• SMU’s service center inventories data shows distributors’ stocks at record low levels. Flat-rolled service centers held fewer than 37 shipping days of supply in January, down from nearly 53 days at the same time last year. Much of that can be attributed to the lack of availability of steel, as distributors have struggled to source enough material to meet customers’ needs. Some of that, however, is undoubtedly by design. Service centers are reluctant to purchase steel today when they believe it will be cheaper tomorrow.
• Service centers report more difficulty passing on higher prices as fabricators and manufacturers dig in their heels and resist further price escalation.
• Steel prices are a function of demand. The American Iron and Steel Institute reports domestic shipments declined by 15.8 percent last year to around 81 million net tons. How much of that can be attributed to the pandemic and how much to other economic factors? One such factor is the shortage of microchips that has disrupted auto production, delaying assembly of some 400,000 vehicles this year – and demand for a substantial amount of steel.
• Prices of ferrous scrap, which is remelted by electric arc furnace minimills, traded sideways to lower in February. Foreign demand for scrap exports from the U.S. has eased. Iron ore prices have been up and down. Mills that pay less for raw materials can charge less for finished steel products and still maintain their metal margins.

What Buyers Had to Say
Steel prices may be poised to quit rising, but that does not necessarily mean they are doomed for a big fall. Here are some opinions expressed by service center and manufacturing execs responding to SMU’s questionnaire last month:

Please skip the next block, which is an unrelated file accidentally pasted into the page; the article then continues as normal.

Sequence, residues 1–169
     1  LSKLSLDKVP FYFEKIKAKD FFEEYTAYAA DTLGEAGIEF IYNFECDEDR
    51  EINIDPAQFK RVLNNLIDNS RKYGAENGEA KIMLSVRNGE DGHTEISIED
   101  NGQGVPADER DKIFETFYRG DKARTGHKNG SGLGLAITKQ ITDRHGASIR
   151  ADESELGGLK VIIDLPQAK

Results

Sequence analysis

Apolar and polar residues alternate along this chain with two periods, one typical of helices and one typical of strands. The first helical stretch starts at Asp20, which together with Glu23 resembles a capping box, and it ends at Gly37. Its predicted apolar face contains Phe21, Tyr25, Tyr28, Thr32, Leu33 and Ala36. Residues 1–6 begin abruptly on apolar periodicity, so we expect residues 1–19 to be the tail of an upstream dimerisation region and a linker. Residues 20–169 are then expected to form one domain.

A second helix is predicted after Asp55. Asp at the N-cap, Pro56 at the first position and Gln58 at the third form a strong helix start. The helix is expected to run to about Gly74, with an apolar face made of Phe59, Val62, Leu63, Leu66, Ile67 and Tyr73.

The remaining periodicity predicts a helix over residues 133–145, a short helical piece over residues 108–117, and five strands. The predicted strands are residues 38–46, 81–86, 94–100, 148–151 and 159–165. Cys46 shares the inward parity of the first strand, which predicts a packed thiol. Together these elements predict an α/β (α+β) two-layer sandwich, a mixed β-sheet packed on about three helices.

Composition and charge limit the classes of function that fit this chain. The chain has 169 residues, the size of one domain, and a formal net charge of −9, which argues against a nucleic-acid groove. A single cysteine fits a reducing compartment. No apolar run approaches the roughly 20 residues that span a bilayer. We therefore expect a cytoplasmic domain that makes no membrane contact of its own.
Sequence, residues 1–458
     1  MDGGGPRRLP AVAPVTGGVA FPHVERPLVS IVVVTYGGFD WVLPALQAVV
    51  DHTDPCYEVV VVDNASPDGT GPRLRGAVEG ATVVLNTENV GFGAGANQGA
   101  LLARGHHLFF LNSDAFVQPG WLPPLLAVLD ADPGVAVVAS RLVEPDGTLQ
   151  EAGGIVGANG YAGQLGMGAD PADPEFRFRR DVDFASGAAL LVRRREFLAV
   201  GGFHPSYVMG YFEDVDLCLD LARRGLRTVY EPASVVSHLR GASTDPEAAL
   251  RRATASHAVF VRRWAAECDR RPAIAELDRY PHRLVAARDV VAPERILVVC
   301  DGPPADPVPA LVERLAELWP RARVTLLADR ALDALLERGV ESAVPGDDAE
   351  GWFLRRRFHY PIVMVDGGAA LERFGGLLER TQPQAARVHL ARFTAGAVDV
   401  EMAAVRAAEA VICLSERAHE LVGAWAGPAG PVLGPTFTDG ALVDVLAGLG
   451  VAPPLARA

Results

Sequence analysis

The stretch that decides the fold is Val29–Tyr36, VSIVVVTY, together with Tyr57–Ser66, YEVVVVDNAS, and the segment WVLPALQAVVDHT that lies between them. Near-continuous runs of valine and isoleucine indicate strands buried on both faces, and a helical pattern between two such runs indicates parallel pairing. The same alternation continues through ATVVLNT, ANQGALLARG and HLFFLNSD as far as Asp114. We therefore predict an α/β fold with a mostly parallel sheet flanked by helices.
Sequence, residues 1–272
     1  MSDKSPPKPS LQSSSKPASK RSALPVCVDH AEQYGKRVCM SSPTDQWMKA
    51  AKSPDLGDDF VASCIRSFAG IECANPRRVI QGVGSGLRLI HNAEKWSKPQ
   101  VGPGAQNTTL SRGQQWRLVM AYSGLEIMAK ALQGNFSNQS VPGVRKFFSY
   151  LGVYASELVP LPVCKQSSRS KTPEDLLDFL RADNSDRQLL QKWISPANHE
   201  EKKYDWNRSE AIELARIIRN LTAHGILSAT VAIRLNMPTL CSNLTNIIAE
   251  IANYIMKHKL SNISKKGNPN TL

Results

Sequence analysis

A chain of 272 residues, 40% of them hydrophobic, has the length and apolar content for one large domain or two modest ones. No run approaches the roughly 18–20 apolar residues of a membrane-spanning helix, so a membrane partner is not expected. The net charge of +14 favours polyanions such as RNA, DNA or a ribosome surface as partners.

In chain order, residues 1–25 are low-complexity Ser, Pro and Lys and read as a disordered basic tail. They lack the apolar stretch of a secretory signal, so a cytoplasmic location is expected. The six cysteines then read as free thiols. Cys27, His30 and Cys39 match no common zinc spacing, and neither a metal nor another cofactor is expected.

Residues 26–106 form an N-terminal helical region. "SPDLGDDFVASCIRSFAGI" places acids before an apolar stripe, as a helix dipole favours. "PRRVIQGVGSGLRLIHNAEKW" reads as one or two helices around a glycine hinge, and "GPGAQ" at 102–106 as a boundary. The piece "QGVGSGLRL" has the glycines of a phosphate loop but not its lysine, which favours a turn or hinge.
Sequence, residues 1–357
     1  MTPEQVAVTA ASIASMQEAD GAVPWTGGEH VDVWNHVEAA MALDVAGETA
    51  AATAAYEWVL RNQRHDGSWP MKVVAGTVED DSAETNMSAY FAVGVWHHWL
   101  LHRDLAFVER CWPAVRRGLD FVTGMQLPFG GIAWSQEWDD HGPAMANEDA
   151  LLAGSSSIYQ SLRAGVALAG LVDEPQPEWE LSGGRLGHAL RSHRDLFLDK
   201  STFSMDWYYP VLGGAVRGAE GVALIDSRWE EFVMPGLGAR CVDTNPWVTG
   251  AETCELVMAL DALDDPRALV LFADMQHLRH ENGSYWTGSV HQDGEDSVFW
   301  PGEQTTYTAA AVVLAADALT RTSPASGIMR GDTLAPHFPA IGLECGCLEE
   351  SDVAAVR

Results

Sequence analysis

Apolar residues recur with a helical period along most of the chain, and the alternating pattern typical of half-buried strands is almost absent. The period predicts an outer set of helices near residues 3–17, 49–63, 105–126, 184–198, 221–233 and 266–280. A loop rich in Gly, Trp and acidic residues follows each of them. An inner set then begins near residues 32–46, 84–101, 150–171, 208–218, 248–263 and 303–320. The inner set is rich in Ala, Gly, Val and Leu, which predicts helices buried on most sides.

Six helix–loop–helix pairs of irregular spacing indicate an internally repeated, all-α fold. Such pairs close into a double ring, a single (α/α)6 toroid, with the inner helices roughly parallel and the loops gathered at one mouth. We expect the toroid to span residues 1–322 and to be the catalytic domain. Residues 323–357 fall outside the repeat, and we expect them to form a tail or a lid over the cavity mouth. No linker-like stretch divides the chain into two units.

“Buyers hate pricing at $1,200, so we believe we are close to a peak, but we’re not expecting to fall off a cliff.” 

“For the next 45 days HRC mills can charge whatever they want.”

“I’m not sure it can go much higher, but I thought the same at $1,000 and $1,100.”

“We believe HRC is peaking now. Demand for HRC is not nearly as robust as cold-rolled and coated. Not weak, but no longer in a frenzy.”

“I believe the mills will try to get one more increase unless the chip shortage in the auto industry prevents it. But $1,200 is too high. There will be a correction, the question is when and how much.”

“I see it happening in late April or early May, there are too many other factors not being considered right now that could give this market staying power.”

“Domestic mills are still pushing the limits with their ‘take it or leave it’ attitude. Total greed at this point.”

Coming up at SMU
SMU has several conferences and workshops in the works. Registration is still open for the next virtual Steel Hedging 101: Introduction to Managing Price Risk Workshop to be held March 30-31. Presuming COVID inoculations continue apace, the annual SMU Steel Summit Conference will be held live and in person Aug. 23-25 at the Georgia International Convention Center in Atlanta. To sign up for a free trial of SMU’s newsletter, contact

[John Packard is president and publisher of Steel Market Update and Tim Triplett is SMU executive editor. Steel Market Update’s mission with its newsletters, website, conferences and educational programs is to inform, educate and motivate those in the flat-rolled steel industry. For more information, visit]